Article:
FIG. 1 is a perspective view of the most common prior art. From bottom up, the drawing shows an intersection of chalk lines on the subfloor. The next component is the pedestal base assembly made of a flat square base plate welded to a vertical hollow square tube column. The base plate is usually fastened to the subfloor with adhesive. Next up a pedestal head assembly made of a flat square head plate welded to a vertical threaded shaft threaded into a nut machined with a catch that fits into a notch in the base column. The nut rotates about the shaft when the nut and shaft are lifted out of the base column notch for vertical adjustment. When fully adjusted, the positioned nut on shaft is lowered into the base column notch. The correctly elevated pedestal head(s) receive the stringers. Stringers are screw fastened to the pedestal head plate. The floor panel is then lowered into the frame formed by the stringers. When stringers are used in this assembly, the corner bolt is optional. When stringers are not used, the corner bolt is required to connect to and stabilize the location and orientation of the pedestal.

FIG. 2 is an example of a commonly used concrete filled steel panel in the prior art. These panels are generally 2 feet square. One prior art pedestal vertically supports four corners of four separate panels.

FIGS. 3A and 3B show two perspectives of a Module with five pedestals (P) inserted in place by thread lock into four corner pedestal joints (CPJ) and one diagonal pedestal joint (DPJ). The corner and diagonal pedestal joints connect the eight side and diagonal stringers (S).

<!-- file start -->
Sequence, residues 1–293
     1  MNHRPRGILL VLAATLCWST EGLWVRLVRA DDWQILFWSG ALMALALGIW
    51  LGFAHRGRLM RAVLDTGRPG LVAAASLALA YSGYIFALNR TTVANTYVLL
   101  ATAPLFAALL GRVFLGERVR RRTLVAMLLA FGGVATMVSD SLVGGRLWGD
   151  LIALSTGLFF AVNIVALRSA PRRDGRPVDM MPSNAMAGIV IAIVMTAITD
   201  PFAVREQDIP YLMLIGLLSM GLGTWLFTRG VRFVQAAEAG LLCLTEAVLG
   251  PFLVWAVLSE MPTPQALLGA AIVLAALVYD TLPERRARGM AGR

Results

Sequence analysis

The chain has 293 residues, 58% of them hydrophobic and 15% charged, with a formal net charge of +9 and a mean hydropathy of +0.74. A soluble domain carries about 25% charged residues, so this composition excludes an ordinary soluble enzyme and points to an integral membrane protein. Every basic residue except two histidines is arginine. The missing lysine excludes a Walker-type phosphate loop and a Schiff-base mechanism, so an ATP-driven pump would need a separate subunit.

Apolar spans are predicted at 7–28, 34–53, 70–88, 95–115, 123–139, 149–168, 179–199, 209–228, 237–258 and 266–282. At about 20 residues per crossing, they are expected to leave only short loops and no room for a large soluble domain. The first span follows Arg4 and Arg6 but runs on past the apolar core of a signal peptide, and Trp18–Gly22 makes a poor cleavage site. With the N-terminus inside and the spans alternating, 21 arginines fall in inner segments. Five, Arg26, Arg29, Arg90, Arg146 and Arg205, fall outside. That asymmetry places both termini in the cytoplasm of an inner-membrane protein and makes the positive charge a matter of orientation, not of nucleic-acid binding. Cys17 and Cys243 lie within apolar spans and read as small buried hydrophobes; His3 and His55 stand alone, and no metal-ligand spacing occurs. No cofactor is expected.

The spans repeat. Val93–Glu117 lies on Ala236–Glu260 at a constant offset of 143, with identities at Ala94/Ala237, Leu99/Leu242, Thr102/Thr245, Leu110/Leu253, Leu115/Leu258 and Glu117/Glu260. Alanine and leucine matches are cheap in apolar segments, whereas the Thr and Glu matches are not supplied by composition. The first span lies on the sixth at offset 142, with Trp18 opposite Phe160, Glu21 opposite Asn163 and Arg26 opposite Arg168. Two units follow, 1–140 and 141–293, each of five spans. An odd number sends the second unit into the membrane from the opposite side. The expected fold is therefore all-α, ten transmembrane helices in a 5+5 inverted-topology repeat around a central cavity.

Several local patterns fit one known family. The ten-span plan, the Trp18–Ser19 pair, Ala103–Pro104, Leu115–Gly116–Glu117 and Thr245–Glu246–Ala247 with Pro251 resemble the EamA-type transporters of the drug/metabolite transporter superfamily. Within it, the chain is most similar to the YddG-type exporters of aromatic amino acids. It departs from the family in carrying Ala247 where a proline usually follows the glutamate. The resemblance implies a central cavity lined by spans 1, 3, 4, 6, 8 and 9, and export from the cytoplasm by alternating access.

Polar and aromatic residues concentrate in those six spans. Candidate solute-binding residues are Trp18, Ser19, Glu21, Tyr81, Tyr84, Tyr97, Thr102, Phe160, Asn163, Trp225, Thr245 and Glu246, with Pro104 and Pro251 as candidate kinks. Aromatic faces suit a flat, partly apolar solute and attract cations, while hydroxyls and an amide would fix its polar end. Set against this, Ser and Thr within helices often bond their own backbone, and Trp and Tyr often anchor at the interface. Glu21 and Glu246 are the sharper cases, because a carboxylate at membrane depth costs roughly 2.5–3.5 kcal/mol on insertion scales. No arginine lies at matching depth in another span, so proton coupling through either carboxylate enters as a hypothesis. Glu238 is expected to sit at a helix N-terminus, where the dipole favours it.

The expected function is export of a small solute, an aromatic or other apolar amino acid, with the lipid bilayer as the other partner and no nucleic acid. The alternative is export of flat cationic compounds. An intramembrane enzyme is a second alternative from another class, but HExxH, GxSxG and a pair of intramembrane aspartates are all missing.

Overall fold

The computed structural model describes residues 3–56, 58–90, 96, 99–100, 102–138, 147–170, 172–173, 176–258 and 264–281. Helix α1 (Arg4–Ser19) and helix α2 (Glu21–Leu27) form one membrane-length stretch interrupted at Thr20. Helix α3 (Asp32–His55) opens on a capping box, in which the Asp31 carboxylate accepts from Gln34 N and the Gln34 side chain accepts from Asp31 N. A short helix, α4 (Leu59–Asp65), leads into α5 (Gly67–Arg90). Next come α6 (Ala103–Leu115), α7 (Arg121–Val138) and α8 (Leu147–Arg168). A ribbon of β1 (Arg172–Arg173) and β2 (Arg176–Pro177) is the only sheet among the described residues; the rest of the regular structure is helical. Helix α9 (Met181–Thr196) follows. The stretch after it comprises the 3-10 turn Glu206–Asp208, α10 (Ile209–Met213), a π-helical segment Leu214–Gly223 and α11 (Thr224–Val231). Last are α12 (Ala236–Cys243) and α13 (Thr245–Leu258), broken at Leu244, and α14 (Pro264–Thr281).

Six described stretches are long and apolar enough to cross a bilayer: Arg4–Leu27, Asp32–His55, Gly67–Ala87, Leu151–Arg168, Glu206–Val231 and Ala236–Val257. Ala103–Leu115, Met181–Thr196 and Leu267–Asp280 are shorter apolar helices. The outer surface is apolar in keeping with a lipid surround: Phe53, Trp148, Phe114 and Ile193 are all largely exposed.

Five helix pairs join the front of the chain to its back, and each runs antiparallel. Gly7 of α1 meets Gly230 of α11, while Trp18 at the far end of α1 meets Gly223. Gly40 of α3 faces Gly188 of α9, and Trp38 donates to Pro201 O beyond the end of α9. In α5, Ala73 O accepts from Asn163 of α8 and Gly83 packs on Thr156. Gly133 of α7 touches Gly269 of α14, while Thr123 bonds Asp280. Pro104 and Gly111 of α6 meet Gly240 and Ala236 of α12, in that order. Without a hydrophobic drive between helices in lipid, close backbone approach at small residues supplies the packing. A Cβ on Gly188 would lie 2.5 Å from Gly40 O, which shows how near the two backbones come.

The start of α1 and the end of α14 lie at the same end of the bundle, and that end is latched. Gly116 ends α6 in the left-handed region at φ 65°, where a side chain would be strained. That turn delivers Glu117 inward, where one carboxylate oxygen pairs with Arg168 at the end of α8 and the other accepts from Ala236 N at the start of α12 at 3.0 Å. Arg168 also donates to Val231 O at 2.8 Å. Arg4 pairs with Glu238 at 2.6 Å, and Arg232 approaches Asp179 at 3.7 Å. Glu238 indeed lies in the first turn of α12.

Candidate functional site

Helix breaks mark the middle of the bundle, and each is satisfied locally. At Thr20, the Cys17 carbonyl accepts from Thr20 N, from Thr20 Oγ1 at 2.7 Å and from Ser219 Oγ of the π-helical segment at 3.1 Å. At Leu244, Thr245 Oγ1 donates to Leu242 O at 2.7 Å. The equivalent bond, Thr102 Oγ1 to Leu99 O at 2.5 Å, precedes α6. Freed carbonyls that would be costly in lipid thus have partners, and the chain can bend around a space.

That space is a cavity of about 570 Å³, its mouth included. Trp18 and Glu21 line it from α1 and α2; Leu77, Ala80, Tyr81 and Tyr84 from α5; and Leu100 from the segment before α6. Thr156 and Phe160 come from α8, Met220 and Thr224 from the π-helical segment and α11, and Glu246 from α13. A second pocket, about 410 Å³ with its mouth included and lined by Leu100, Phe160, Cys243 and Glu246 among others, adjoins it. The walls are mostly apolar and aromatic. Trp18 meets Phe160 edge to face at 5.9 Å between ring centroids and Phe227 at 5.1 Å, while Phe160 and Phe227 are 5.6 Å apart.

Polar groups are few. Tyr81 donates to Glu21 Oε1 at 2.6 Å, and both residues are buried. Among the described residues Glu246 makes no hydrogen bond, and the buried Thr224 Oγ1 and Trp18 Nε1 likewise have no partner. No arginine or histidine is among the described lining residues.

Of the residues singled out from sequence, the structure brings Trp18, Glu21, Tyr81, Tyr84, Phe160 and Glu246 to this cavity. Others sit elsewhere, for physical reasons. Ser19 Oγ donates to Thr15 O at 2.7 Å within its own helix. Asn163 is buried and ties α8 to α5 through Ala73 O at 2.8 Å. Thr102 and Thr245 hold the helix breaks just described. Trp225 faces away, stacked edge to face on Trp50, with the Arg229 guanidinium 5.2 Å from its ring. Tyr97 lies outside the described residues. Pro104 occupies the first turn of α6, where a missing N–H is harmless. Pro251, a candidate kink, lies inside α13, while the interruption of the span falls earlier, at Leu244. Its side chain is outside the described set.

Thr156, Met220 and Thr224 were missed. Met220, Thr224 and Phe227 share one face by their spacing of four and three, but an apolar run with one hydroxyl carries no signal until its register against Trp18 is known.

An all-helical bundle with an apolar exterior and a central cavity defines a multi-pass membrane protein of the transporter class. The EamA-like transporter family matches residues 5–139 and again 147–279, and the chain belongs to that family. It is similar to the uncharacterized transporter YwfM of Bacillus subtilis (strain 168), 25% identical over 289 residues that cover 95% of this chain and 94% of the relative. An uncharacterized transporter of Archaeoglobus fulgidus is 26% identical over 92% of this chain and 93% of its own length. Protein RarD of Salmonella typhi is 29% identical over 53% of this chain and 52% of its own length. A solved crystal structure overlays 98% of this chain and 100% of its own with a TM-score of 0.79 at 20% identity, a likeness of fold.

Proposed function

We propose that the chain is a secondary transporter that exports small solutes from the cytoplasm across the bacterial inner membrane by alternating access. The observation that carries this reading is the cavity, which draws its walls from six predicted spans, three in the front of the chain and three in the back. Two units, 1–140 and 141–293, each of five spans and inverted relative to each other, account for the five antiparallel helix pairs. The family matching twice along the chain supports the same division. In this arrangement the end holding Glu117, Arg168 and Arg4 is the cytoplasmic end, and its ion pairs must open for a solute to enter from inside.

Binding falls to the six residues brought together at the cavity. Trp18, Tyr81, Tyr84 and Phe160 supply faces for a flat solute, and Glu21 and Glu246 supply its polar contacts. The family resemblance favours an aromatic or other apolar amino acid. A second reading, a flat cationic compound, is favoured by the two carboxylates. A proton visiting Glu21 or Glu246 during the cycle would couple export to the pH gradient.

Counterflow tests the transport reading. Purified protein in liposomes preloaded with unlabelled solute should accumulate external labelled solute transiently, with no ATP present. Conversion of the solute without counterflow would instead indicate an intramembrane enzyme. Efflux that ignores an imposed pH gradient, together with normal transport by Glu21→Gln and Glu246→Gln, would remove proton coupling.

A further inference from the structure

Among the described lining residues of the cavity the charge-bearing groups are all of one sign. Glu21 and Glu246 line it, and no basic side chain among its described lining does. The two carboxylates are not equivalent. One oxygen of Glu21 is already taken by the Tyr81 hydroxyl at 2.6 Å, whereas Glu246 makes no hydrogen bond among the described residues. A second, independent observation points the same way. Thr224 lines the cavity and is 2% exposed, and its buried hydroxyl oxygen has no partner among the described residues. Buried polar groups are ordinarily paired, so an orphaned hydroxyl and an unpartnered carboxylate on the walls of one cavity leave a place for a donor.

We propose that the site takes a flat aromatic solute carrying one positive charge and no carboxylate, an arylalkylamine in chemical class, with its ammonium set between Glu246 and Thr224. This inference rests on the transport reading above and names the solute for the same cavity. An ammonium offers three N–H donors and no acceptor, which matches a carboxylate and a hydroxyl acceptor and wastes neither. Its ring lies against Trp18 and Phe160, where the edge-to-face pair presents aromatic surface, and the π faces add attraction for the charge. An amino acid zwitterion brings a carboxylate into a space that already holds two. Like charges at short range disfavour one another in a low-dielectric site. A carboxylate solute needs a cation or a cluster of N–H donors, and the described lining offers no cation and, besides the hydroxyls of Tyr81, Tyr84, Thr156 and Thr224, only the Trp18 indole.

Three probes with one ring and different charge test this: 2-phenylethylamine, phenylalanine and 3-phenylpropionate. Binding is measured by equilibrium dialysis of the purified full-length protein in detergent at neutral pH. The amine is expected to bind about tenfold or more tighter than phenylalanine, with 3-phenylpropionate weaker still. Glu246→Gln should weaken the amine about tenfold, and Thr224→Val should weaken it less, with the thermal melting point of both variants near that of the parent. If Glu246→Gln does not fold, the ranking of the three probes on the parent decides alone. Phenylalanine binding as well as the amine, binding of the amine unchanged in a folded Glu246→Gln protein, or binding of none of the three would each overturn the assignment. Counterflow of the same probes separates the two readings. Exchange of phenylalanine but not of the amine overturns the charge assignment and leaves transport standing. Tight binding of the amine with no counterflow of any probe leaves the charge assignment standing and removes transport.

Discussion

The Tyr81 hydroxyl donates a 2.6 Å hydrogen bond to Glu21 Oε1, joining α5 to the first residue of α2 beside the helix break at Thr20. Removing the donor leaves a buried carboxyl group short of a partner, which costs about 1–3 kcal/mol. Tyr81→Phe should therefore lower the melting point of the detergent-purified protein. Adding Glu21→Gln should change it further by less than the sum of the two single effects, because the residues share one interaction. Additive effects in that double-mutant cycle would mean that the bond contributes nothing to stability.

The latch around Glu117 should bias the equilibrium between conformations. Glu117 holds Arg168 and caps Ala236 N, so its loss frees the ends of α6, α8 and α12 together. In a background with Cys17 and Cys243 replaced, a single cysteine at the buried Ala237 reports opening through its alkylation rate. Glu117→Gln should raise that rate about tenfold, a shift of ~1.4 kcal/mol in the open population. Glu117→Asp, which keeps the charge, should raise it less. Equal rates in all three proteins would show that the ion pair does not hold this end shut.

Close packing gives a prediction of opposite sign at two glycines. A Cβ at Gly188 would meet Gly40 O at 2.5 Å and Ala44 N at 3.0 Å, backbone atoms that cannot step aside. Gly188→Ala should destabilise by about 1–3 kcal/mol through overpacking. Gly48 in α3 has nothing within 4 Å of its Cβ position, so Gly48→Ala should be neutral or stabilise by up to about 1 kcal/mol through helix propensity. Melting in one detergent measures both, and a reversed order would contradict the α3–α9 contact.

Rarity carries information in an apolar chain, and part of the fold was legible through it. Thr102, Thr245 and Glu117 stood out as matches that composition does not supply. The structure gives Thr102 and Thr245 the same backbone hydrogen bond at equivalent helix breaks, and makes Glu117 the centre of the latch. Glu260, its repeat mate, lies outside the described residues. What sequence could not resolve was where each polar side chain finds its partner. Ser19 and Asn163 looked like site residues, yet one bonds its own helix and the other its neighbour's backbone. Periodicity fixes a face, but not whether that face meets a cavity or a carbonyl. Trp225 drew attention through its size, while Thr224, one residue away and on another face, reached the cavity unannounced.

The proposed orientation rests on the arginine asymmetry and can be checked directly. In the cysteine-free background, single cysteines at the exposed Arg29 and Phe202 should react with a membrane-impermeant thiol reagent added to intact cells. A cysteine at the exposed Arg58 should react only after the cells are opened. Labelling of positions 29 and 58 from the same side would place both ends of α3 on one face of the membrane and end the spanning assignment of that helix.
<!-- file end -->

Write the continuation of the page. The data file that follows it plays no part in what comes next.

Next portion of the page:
FIG. 4 is an top perspective of an array of four Modules and one Perimeter Stringer Frame (PSF) of the invention showing each Module's (M) horizontal orientation of four sides and two diagonals rigidly formed in the factory. This drawing shows the diagonal pedestal joint (DPJ) at the intersection of two diagonals, and the four corner pedestal joints (CPJ). Each diagonal and corner pedestal joint is threaded to receive the insertion of a pedestal (P) in the field of construction prior to setting a completely assembled Module of one stringer frame and five pedestals on the subfloor. In the center of the four Module array, four corner pedestals of four Modules gang together. All pedestals function exactly the same. After each Module of any four Module array is elevated and leveled, a corner lock (CL) is connected with four bolts or lugs with a threaded section of the top of each pedestal column. A perimeter stringer frame (PSF) is used to form the invention understructure between arrays of Modules and exterior walls, building cores, and columns where horizontal distances vary between Module arrays and building subfloor boundaries. The perimeter stringer frame threaded T-pedestal joints (TPJ) receive pedestals in the same manner as diagonal and corner pedestal joints. The perimeter extension stringer (PES), not shown, can be added to further enhance structural strength, can be of different lengths of constant increments fixing the distance between the Module and the perimeter stringer frame to correspond with one of several channels in the perimeter panel (PP). The perimeter extension stringer fits into and locks two corner pedestal joints together with two bolts threaded into two pedestals while the opposite end of the pedestal extension stringer snap locks onto the T-pedestal joint. Full panels (FP) are placed on Modules such that the diagonal of a full panel coincides with two adjacent sides of two adjacent Modules. A channel is formed in the underside of a full panel to facilitate the fit between full panel and Modules. A half panel (HP) fits in a Module that would be against a wall, building core or column boundary. A half panel can also be used anywhere or everywhere on a Module.